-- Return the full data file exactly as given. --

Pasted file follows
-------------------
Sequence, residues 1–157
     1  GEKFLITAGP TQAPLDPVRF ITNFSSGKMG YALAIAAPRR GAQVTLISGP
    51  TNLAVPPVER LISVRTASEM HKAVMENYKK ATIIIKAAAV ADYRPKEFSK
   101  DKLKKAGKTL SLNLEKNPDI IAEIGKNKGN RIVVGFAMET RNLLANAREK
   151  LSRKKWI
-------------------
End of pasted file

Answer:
Sequence, residues 1–157
     1  GEKFLITAGP TQAPLDPVRF ITNFSSGKMG YALAIAAPRR GAQVTLISGP
    51  TNLAVPPVER LISVRTASEM HKAVMENYKK ATIIIKAAAV ADYRPKEFSK
   101  DKLKKAGKTL SLNLEKNPDI IAEIGKNKGN RIVVGFAMET RNLLANAREK
   151  LSRKKWI